How to Find a Good Hunting Dog Breeder
While it is true that you may find the dog of your dreams posted in the local or online private seller want ads, it is also true that sometimes my wife connects on a slot machine when we pass through Vegas. Your hunting dog will consume untold hours of your life, both in the field and as a companion in your life. Investing the right research and time into finding an accredited breeder takes some legwork, but it is well worth the effort. If I were you, I would follow the following basic rules when looking for your next hunting dog
• Look to respective official breed organizations. Almost always posted on their web sites, will be listed the breed standards associated with that particular breed. You will find trial events and other activities held by the people who have a passion for the breed, you may attend such an event. Most organizations list breeders they feel comply with the direction of the breed organization’s breeding standards. Then start talking to people within the organization to identify the breeder within that organization that is breeding for the characteristics you find personally favorable.
• Study the online forums of these associations for opinions. Most breeds have Facebook groups that are willing to talk all day long about the breeds they hold so dear.
• Make plans to take a trip. Go visit breeder(s) in person.
• Be Patient and don’t compromise. Oftentimes good breeders and awesome hunting dog breeds can have long wait lists to get a puppy. Be willing to sit it out a year or two to get the dog of your dreams. Well-bred puppies can take time to acquire, start making plans now so you aren’t found in a lurch down the road.
Are you sure you have selected the right breed?
Recently, I was guiding two brothers in “Hells Canyon” The brotherly duo makes it a yearly tradition to punish themselves on the steep hills chasing chukars. Both brothers love upland hunting but their personalities couldn’t be more different. The first brother, Mark, started his upland hunting passion when he acquired a Drahthaar twenty years ago. Mark is an avid sports competitor and likes to pursue things with aggressive zeal. His thought process twenty years ago was to have a dog that met his personality. Mark’s brother Ren is much more laid back. Ren’s initial hunting breed choice was a lab primarily because he loved to hunt waterfowl and upland birds equally. Over the years the two brothers have transitioned to completely different mindsets when it comes to their present-day hunting companions.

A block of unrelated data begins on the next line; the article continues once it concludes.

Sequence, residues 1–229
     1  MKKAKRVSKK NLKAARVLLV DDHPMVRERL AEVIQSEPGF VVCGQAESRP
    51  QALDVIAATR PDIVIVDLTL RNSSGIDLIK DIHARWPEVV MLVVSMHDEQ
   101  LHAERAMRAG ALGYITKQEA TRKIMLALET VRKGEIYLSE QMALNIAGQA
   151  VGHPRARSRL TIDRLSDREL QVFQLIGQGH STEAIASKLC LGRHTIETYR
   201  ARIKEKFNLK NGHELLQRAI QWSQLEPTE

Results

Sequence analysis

Mark now hunts with a field-bred Gordon Setter, prizing the dog's work ethics and aloof but fierce competitiveness. He misses his Drahthaar but when his dog passed away a close friend introduced Mark to Gordon Setters and the rest is history. He doesn’t waterfowl hunt so versatility is less an issue for him. He likes a dog that can hunt Grouse in the lake states, handles wild pheasants and then can successfully chase down Hell’s Canyon chukars. The Gordon Setter proved perfect for Mark.
Ren’s needs for a true upland hunting versatile pointer/water dog/retriever and a house full of younger children eventually transitioned his attention to upland hunting versatility. Ren loved the adaptability of Mark’s earlier Drahthaar but when a suitable Draht puppy wasn’t available- and a well-bred pudlepointer puppy magically freed up - he jumped at the opportunity. Ren hasn’t looked back.
Sometimes a person may grow up with a father or uncle that raised a certain breed and fostering an inherent familiarity with a particular breed. Oftentimes, hunters naturally migrate to what they know best, when in reality there may be a breed more ideally suited to their respective needs. All I am saying is to be open-minded and research what breed might work best for you.
I created a simple matrix provided below to help guide some thought. Walk through the matrix and see your breed recommendation. Let me know what you think.